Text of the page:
National day celebrations have become a crucial element in the ongoing construction of Saudi Arabia’s national narrative, highlighting the centrality of the ruling family and its legacy in the establishment of the state.
On January 31, Qatari Emir Tamim bin Hamad al-Thani became the first Gulf leader to visit President Joseph R. Biden Jr in Washington. Just before the meeting, Biden announced he would be designating Qatar a major non-NATO ally, a decision that he said was “long overdue.” Qatar will be the third Gulf country, after Bahrain and Kuwait, to receive this important, if largely symbolic, designation.
The meeting between the emir and Biden took place amid escalating tensions between the United States and Russia over threats of a Russian invasion of Ukraine and increased concerns over a potential disruption of Russian energy supplies to Europe. During the meeting, Biden and Tamim confirmed their commitment to “the stability of global energy supplies” as well as regional security in the Gulf, improving the humanitarian situation in Afghanistan, and “strengthening commercial and investment cooperation.” A $20 billion agreement between Boeing and Qatar Airways Group that “will support tens of thousands of U.S. manufacturing jobs” was also announced.
Much has changed since June 2017, when Saudi Arabia, the United Arab Emirates, Bahrain, and Egypt led a boycott of Qatar that former President Donald J. Trump also initially supported. Since the signing of the Al Ula agreement in January 2021 in Saudi Arabia ended the Gulf rift, Doha has been working to bolster its relationship with the United States and improve ties with key Gulf neighbors. U.S.-Qatar ties are seemingly stronger than ever, and the Biden administration has supported greater regional diplomacy, often in partnership with Qatar. The Al Ula agreement helped usher in a period of greater regional de-escalation and cooperation, even if it is fragile. Regarding the U.S.-supported Abraham Accords with Israel, however, Qatar has thus far kept its distance.
What’s Behind the Non-NATO Ally Designation?
Doha’s pivotal role in supporting evacuation efforts following the United States’ 2021 withdrawal from Afghanistan seemingly played a significant role in Biden’s decision to designate Qatar a major non-NATO ally. Qatar is also home to the Al Udeid air base, which houses the U.S. Central Command forward headquarters and at least 10,000 U.S. troops. Qatar is also one of the United States’ biggest purchasers of defense equipment.
In his meeting with the emir in the Oval Office, Biden emphasized the important role that Qatar has played securing U.S. interests, by “relocating tens of thousands of Afghans, maintaining stability in Gaza and providing life-saving assistance to the Palestinians, keeping pressure on ISIS and deterring threats from across the Middle East.” Though the two sides maintained a studied public silence regarding the status of Qatar’s request for F-35 stealth fighters.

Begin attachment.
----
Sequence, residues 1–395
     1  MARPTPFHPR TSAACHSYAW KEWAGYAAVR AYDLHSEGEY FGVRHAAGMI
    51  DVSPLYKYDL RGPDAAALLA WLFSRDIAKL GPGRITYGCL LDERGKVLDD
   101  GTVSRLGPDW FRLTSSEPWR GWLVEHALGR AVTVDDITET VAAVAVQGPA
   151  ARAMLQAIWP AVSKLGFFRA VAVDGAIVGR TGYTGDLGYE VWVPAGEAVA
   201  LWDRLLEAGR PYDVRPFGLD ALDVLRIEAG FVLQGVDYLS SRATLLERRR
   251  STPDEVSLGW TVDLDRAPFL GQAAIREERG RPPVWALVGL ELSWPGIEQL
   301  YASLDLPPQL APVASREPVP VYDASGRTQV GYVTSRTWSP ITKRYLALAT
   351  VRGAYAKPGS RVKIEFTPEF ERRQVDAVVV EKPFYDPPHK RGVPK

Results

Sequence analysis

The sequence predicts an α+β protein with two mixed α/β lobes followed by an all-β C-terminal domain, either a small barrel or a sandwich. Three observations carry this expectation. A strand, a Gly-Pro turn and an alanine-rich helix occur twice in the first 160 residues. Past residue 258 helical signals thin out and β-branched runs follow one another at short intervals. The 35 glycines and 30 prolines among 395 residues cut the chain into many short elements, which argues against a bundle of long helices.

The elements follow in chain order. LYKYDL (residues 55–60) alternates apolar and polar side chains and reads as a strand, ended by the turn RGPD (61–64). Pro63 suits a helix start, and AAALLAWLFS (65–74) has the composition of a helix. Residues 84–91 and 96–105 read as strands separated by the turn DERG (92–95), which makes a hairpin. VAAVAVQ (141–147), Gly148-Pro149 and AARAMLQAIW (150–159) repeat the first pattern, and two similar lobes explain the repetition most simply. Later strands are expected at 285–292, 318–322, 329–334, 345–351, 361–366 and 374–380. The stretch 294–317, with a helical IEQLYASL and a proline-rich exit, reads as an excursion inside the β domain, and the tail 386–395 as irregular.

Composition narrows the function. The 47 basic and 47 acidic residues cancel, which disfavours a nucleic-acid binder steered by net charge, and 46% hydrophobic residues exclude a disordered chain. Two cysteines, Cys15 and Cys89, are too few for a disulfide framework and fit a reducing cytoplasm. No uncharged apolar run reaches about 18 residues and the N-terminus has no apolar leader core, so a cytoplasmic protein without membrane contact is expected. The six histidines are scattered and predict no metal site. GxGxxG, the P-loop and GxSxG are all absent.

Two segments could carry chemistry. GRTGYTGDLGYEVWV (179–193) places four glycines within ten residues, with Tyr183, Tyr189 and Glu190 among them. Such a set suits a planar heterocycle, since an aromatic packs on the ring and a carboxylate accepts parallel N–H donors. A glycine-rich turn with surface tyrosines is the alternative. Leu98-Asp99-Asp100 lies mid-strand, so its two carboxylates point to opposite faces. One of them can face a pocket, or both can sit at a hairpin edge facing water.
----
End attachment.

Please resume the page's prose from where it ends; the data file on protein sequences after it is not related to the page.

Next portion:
Qatar has acted as an intermediary between the United States and the Taliban for years. Doha hosted diplomatic negotiations between the Taliban and the United States, which led to an agreement – hammered out by Trump administration officials – for a U.S. withdrawal, as well as failed talks between the Afghan government and the Taliban. After the Taliban seized power, Qatar helped the United States evacuate more than 60,000 people from Afghanistan through Al Udeid and is acting as the “diplomatic proxy” for the United States in the country. After “extensive talks” with the Taliban, Qatar Airways resumed evacuation flights in January after a 2-month pause. Qatar and its regional ally Turkey have also participated in talks with the Taliban over the management of Kabul airport. Beyond these issues, Qatar has also focused on rallying greater humanitarian aid for Afghanistan.
In an agreement with the United States and Israel, Qatar has also funneled hundreds of millions of dollars in aid to the citizens of Gaza since 2014, including paying salaries for an estimated 50,000 employees of the Hamas-run government. After violence reerupted between Hamas and Israel in May 2021, the funding was suspended until September 2021, when new arrangements were worked out with Egypt, and the United States promised to work with the Palestinian Authority to rebuild Gaza.
Moreover, Qatar offered to mediate between the United States and Iran to revive nuclear negotiations during the administration of former Iranian President Hassan Rouhani. In January, Iran’s foreign minister visited Doha and met with Qatar’s foreign minister and the emir. The Qatari foreign minister then visited Tehran, just before his visit to Washington with the emir, leading to speculation about Qatari mediation efforts. Ahead of the Washington visit, Reuters reported that Iran and Qatar were discussing ways to negotiate the release of some dual national Iranian Americans and Iranian Europeans imprisoned in Iran, but this was not officially confirmed.